The gallbladder concentrates and stores bile as a pear-shaped sac which it can release to help digestion after a fatty meal.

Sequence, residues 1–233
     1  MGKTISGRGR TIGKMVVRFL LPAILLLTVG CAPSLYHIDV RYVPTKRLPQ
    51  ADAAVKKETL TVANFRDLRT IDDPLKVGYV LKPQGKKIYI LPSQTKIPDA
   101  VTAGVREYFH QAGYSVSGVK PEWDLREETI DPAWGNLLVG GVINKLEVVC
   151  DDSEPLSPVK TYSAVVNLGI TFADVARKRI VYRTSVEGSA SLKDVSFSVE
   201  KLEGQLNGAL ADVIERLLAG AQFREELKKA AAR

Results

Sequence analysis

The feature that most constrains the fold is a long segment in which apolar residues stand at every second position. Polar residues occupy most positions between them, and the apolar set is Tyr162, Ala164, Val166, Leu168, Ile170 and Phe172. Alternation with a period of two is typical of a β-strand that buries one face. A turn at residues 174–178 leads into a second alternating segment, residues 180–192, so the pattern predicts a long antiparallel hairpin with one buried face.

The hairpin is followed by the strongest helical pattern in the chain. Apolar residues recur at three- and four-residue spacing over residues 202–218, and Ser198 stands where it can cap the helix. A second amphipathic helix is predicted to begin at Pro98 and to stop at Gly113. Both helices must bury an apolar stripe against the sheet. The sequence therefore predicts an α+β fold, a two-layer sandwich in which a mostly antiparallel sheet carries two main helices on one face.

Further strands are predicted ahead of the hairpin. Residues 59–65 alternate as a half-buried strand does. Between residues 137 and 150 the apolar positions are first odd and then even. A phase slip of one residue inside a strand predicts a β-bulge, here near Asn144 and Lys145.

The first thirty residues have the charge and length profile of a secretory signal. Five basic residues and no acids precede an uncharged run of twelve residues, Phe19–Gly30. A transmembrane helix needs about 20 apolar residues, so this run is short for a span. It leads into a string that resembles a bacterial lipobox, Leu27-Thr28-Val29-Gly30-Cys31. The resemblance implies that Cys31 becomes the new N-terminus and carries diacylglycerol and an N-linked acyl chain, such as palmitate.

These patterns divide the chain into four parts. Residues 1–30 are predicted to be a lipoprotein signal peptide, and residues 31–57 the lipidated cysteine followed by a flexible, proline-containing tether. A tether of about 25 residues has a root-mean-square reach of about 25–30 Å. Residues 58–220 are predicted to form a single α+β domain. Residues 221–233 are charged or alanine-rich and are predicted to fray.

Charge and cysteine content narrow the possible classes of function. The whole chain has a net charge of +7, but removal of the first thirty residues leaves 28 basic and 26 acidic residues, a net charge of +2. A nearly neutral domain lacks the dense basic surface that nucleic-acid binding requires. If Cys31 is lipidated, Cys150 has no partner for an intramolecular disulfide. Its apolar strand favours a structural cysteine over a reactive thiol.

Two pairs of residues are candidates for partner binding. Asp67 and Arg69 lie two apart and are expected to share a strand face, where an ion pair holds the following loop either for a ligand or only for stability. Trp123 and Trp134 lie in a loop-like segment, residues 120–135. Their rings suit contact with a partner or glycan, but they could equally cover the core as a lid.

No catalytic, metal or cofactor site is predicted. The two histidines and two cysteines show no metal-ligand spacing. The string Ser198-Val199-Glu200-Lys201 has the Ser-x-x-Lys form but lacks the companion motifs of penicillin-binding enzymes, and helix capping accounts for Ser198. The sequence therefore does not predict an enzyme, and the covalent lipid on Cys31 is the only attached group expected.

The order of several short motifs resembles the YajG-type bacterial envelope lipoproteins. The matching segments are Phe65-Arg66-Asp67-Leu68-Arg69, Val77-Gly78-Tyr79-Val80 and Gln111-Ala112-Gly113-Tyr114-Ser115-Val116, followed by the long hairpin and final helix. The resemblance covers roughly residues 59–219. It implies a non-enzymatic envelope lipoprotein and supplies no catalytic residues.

Intestinal volvulus is characterized by complete twisting of an intestinal loop around the site from where it is attached to the mesentery. The symptoms of intestinal volvulus occur as a result of two mechanisms. The first is obstruction of the bowel that is manifested as symptoms of vomiting and distension of the abdomen. The second mechanism is ischemia or lack of blood supply to the affected part of the intestine. The symptoms may vary depending upon the location of the volvulus. For instance, cecal volvulus presents as symptoms of small bowel obstruction (nausea and vomiting and no passage of stool or flatus). Similarly sigmoid volvulus presents with abdominal pain and symptoms of constipation. Volvulus results in severe pain and the intestinal wall is progressively injured. There is accumulation of gas and fluid in the obstructed part of the intestine. Volvulus can ultimately lead to necrosis or death of the intestinal wall that is affected, acidosis and death of the patient.